The government has admitted that nearly £500m awarded by chancellor Rishi Sunak last month to bring down the Crown court backlog will reduce it by only 7,000 over three years.

Justice minister James Cartlidge told the House of Commons yesterday that the extra £477m allocated in the Treasury's spending review last month for the criminal justice system 'will allow us to reduce Crown court backlogs caused by the pandemic from 60,000 today to an estimated 53,000 by March 2025'.

According to a National Audit Office report, the Crown court backlog increased by 23% in the year leading up to the pandemic, increasing from 33,290 on 31 March 2019 to 41,045 on 31 March 2020. The backlog increased a further 48% since the onset of the pandemic, to 60,692 cases on 30 June 2021.

James Cartlidge

Cartlidge told parliament that the Crown court backlog will stand at 53,000 by March 2025

Source: UK Parliament

However, prosecution data published by the Crown Prosecution Service last month stated that the number of outstanding Crown court cases rose to 70,011 on 30 June.

Justice secretary Dominic Raab told Sky News yesterday that he could not say precisely when the backlog will return to pre-pandemic levels, but he was confident that within six-to-12 months at the very latest the backlog will start to come down.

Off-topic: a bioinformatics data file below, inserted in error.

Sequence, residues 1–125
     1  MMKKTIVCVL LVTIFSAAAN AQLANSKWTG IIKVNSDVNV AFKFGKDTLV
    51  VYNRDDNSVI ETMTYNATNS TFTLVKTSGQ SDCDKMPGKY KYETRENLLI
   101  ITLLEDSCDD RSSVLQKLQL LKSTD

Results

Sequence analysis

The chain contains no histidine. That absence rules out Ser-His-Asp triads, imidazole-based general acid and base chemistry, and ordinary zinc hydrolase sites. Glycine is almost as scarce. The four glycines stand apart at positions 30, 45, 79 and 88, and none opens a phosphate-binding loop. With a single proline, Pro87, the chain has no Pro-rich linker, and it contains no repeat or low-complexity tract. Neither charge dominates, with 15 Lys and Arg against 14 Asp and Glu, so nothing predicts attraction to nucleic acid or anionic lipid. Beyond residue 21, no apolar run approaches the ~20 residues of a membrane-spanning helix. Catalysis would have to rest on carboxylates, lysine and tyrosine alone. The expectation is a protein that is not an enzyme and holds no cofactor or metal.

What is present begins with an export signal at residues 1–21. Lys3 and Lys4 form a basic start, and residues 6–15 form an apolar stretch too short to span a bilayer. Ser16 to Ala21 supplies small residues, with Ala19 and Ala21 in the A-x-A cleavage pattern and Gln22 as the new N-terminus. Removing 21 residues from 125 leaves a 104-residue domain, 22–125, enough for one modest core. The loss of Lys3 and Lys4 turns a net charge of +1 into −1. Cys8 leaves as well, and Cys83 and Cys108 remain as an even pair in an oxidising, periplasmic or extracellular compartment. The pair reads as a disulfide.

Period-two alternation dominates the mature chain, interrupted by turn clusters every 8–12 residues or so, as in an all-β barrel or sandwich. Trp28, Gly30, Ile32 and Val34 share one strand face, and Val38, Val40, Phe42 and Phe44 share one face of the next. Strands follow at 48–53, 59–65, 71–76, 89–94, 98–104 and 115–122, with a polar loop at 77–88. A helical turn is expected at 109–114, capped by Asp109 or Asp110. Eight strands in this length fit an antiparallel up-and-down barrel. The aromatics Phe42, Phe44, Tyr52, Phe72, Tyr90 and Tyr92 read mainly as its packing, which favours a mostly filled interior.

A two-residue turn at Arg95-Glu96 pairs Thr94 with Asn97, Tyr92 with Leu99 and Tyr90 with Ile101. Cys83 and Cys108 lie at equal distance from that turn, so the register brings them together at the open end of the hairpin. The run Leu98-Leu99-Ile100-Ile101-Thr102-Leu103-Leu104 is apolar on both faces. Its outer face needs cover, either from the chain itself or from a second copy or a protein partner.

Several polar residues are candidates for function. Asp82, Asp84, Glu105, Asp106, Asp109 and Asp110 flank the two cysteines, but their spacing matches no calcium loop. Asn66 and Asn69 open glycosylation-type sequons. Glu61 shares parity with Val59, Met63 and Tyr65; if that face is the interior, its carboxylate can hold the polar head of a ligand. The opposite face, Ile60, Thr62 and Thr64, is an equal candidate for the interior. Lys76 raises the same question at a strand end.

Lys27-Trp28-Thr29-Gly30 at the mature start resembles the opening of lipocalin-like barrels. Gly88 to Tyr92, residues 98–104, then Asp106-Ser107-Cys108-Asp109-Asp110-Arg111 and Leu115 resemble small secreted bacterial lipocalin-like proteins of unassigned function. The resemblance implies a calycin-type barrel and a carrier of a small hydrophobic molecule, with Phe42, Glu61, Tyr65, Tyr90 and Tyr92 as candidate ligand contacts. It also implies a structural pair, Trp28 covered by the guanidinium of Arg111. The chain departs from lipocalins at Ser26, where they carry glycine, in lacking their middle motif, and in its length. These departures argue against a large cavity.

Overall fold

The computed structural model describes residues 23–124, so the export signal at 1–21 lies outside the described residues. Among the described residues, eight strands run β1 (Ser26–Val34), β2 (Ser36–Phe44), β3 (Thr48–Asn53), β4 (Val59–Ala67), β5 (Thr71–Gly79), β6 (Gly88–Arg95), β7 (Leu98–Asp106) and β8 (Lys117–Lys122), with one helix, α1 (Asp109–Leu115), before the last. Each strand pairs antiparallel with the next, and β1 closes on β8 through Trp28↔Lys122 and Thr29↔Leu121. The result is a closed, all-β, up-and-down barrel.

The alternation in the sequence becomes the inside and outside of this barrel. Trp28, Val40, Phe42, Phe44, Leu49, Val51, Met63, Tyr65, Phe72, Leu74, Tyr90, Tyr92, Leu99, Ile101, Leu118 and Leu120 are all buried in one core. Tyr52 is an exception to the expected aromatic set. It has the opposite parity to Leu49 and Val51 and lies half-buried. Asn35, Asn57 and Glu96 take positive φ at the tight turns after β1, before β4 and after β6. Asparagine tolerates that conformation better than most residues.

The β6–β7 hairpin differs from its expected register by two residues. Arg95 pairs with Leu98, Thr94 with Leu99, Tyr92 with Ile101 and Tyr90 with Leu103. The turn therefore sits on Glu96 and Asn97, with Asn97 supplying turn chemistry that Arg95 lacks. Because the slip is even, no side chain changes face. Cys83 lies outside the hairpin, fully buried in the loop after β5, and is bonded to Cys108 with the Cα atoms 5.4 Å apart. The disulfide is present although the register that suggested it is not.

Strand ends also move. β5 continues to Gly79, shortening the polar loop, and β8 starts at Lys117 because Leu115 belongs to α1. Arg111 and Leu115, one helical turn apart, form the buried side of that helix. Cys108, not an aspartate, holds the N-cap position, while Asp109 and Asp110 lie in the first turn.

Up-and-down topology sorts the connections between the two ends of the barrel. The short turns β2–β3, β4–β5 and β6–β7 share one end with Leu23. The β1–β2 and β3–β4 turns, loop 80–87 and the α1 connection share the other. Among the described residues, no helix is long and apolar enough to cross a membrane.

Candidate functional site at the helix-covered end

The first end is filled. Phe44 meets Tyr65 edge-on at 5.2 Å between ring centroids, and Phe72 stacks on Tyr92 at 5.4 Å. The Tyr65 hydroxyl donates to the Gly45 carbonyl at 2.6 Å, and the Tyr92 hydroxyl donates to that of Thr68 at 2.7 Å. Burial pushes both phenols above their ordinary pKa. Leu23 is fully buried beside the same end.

Shadow justice secretary David Lammy told the Commons yesterday that the lord chancellor must ‘get real’ about the workforce crisis in the criminal justice system.

'The workforce is beyond crisis: it is in end times,' Lammy said. 'Criminal solicitors and barristers are leaving in droves, cases are up right across the country, they are stalled right across the country and nobody is available to take them. The Criminal Bar Association is threatening to strike. How does the lord chancellor expect to reduce the backlog if there is no one available to take on the cases? Holiday time is over. It is time to act, or let the system collapse.'

Cartlidge replied: 'It is quite extraordinary, 43 minutes ago in bill committee [for the Judicial Review and Courts Bill], the Labour party voted to keep clogging up our courts with immigration and asylum cases with almost no chance of success. Quite extraordinary. Those cases take up 180 days of court time. That means a High Court judge, and that is precious resource. That is why we are taking that measure. It just proves that when it comes to the backlog in the courts, Labour says one thing and does another.'